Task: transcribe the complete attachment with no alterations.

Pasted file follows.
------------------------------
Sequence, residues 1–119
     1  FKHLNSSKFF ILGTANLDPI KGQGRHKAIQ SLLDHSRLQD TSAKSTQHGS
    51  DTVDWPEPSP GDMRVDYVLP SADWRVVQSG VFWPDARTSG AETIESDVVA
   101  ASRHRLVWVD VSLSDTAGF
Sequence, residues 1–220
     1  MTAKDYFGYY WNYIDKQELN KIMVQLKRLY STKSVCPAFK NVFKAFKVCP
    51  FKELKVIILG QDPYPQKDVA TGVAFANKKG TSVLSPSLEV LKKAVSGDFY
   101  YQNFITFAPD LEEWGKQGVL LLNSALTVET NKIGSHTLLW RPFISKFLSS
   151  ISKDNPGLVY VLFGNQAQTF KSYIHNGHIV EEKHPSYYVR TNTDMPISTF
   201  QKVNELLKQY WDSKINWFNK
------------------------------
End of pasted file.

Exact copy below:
Sequence, residues 1–119
     1  FKHLNSSKFF ILGTANLDPI KGQGRHKAIQ SLLDHSRLQD TSAKSTQHGS
    51  DTVDWPEPSP GDMRVDYVLP SADWRVVQSG VFWPDARTSG AETIESDVVA
   101  ASRHRLVWVD VSLSDTAGF
Sequence, residues 1–220
     1  MTAKDYFGYY WNYIDKQELN KIMVQLKRLY STKSVCPAFK NVFKAFKVCP
    51  FKELKVIILG QDPYPQKDVA TGVAFANKKG TSVLSPSLEV LKKAVSGDFY
   101  YQNFITFAPD LEEWGKQGVL LLNSALTVET NKIGSHTLLW RPFISKFLSS
   151  ISKDNPGLVY VLFGNQAQTF KSYIHNGHIV EEKHPSYYVR TNTDMPISTF
   201  QKVNELLKQY WDSKINWFNK